Haydock Catholic Bible Commentary
God of Pharao, viz., to be his Judge; and to exercise a divine power, as God's instrument, over him and people. (Challoner) I shall harden, &c.; not by being the efficient cause of his hardness of heart, but by permitting it; and by withdrawing grace from him, in punishment of his malice; which alone was the proper cause of his being hardened. (Challoner) --- He took occasion even from the miracles to become more obdurate. (Haydock) --- Yet Pharao was less impious than Calvin, for he takes the sin to himself, chap. ix. 27. (Tirinus)
Took, or "threw down," as the Hebrew and Septuagint read.
Magicians. Jannes and Mambres, or Jambres, 2 Timothy iii. 8. (Challoner) --- The pagans represented Moses as the greatest of magicians. (Pliny, Natural History xxx. 1; Justin xxxvi.) --- They also, &c. Hebrew has three terms, "wise men, diviners, and magicians;" but the two last seem to be of the same import. "The enchanters did the like by their secret practices," either by words or by actions. Some say these operations were real; others affirm they were only apparent, and mere delusions. (Calmet) --- "Whoever believes that any thing can be made, or any creature changed or transmuted into another species or appearance, except by the Creator himself, is undoubtedly an infidel, and worse than a pagan." (Coun.[Council?] of Orange.) See St. Augustine, q. 21, de Trin. iii. 7; St. Thomas Aquinas, [Summa Theologiae] ii. 2, 9, 17, a 2. --- The devil deceived the senses of the beholders; or brought real serpents, &c., thither. (Menochius)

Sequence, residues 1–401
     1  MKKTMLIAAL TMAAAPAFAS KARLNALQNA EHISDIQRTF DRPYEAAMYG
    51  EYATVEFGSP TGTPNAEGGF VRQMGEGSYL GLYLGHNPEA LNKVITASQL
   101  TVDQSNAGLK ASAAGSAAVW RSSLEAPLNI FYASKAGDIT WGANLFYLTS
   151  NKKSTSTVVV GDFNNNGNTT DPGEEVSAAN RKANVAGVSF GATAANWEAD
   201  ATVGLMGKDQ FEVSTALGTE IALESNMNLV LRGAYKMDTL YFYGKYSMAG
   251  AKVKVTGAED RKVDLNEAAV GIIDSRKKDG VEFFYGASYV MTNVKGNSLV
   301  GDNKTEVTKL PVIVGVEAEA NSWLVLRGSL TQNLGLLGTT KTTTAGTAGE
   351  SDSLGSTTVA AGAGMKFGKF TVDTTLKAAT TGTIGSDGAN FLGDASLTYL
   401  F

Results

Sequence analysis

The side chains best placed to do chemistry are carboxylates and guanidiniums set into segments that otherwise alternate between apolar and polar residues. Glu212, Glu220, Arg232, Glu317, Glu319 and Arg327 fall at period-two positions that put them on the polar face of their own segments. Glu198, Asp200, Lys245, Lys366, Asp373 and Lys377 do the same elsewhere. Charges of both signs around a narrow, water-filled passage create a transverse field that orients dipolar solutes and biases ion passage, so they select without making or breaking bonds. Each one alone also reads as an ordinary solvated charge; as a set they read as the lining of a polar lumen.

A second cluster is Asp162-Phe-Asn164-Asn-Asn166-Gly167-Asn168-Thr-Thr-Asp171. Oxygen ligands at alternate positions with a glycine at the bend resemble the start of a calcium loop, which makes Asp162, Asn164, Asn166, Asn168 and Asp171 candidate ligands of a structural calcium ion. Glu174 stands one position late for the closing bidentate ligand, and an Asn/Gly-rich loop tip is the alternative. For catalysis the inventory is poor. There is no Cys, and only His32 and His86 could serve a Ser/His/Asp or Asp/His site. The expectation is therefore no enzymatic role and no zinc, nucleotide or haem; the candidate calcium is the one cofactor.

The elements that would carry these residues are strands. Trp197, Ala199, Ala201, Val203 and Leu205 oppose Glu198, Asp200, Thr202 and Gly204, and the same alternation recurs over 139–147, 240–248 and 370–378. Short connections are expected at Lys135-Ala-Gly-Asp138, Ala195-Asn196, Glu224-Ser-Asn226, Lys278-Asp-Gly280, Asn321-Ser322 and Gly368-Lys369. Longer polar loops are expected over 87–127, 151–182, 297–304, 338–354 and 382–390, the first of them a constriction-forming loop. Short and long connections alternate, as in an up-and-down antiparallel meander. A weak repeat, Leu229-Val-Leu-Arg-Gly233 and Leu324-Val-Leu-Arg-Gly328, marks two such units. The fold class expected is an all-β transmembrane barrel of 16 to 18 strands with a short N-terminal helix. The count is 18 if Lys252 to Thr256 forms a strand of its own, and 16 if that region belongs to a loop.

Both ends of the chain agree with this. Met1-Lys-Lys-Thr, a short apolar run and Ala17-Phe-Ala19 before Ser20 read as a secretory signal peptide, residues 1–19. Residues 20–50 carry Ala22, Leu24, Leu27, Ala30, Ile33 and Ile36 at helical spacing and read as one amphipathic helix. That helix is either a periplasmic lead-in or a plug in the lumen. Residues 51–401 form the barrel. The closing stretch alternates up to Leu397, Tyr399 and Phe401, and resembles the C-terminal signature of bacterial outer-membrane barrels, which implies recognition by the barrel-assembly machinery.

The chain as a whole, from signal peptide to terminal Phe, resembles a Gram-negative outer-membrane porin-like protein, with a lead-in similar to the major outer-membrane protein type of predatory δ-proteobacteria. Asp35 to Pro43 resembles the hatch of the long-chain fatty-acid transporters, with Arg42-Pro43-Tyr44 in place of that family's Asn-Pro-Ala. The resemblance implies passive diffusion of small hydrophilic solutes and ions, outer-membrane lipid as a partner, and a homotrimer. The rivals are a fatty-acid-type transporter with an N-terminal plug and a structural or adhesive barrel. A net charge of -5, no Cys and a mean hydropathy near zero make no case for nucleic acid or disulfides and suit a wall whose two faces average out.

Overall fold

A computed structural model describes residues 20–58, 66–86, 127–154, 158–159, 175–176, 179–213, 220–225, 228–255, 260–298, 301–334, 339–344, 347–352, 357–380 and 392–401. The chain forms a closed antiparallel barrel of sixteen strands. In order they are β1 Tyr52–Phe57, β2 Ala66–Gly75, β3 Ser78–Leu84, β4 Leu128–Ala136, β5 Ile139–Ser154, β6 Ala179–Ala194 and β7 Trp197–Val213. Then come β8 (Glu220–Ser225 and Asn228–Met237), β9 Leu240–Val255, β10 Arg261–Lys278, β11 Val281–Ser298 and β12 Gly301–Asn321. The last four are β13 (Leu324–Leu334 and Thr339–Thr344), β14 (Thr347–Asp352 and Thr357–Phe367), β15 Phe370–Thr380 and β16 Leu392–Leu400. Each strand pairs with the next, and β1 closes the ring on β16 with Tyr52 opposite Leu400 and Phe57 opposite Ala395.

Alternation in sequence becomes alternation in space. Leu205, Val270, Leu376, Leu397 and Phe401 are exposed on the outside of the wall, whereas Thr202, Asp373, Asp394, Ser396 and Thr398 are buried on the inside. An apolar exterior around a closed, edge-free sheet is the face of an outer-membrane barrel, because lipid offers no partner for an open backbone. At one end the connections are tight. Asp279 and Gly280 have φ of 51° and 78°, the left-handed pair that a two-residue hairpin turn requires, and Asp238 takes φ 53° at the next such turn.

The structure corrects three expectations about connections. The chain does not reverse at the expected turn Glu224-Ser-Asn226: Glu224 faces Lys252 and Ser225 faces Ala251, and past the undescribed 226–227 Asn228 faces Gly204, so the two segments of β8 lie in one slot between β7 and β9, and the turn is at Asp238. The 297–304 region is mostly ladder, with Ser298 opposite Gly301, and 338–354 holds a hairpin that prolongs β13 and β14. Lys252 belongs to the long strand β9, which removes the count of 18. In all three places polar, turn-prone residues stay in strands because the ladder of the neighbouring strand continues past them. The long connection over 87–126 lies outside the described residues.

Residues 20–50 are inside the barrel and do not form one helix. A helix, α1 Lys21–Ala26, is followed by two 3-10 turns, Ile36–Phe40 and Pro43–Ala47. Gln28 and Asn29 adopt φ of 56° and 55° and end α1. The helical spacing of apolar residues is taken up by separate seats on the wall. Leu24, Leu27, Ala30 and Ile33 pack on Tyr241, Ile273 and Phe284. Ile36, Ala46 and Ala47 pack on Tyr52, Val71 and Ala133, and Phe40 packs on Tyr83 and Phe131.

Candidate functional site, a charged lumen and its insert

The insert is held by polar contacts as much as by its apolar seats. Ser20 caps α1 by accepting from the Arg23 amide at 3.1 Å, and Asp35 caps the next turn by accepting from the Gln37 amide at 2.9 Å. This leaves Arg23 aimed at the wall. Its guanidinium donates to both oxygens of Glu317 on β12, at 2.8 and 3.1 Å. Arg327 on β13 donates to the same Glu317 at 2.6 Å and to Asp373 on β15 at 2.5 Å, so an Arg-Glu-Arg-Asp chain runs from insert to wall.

Devoured. Thus the superiority remained with Aaron. The rod was then restored to its pristine form, ver. 15. (Haydock)
My hand. The rod was in the hand of Moses, but he was God's agent. (Menochius)
River. The Samaritan copy repeats here the very words of God to Pharao, as the other speeches are also twice put at length. "Moses and Aaron went to meet Pharao, and said to him, 'The Lord,'" &c., as ver. 16, 18. See chap. xi. 7. (Calmet) --- This is very agreeable to the style of Homer; and Kennicott believes that the repetitions have been omitted in the Hebrew for brevity's sake, (Diss. 1 Chron. p. 383,) and that before the Greek version had been made. (Haydock)
All the land, even in that of Gessen, which belonged to the Egyptians; while the Hebrews had good water. (Menochius)
Like. They got a small quantity of water, either from the sea, from Gessen, (Wisdom xi. 5,) or by digging wells, ver. 24. (Calmet) --- This plague lasted a full week, ver. 25. The water which they found in the mean time in the wells was mixed with blood. (Philo; St. Augustine, in Psalm lxxvii.) Wisdom xi. 7, thou gavest human blood to the unjust.